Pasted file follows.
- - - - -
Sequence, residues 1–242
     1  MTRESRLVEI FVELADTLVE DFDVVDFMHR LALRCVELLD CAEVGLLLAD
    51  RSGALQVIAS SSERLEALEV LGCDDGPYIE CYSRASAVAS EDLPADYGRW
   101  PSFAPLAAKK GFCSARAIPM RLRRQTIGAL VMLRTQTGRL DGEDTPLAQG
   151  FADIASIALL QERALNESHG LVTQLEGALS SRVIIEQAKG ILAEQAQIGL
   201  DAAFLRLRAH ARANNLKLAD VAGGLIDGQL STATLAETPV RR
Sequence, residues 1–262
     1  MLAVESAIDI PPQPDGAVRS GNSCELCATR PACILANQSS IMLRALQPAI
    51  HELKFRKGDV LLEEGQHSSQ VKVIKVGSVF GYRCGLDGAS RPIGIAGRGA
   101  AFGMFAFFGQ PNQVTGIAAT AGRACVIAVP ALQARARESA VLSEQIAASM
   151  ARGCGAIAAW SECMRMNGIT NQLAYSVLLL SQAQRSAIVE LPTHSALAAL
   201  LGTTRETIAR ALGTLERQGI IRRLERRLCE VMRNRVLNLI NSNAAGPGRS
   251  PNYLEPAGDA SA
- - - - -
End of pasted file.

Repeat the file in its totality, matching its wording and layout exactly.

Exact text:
Sequence, residues 1–242
     1  MTRESRLVEI FVELADTLVE DFDVVDFMHR LALRCVELLD CAEVGLLLAD
    51  RSGALQVIAS SSERLEALEV LGCDDGPYIE CYSRASAVAS EDLPADYGRW
   101  PSFAPLAAKK GFCSARAIPM RLRRQTIGAL VMLRTQTGRL DGEDTPLAQG
   151  FADIASIALL QERALNESHG LVTQLEGALS SRVIIEQAKG ILAEQAQIGL
   201  DAAFLRLRAH ARANNLKLAD VAGGLIDGQL STATLAETPV RR
Sequence, residues 1–262
     1  MLAVESAIDI PPQPDGAVRS GNSCELCATR PACILANQSS IMLRALQPAI
    51  HELKFRKGDV LLEEGQHSSQ VKVIKVGSVF GYRCGLDGAS RPIGIAGRGA
   101  AFGMFAFFGQ PNQVTGIAAT AGRACVIAVP ALQARARESA VLSEQIAASM
   151  ARGCGAIAAW SECMRMNGIT NQLAYSVLLL SQAQRSAIVE LPTHSALAAL
   201  LGTTRETIAR ALGTLERQGI IRRLERRLCE VMRNRVLNLI NSNAAGPGRS
   251  PNYLEPAGDA SA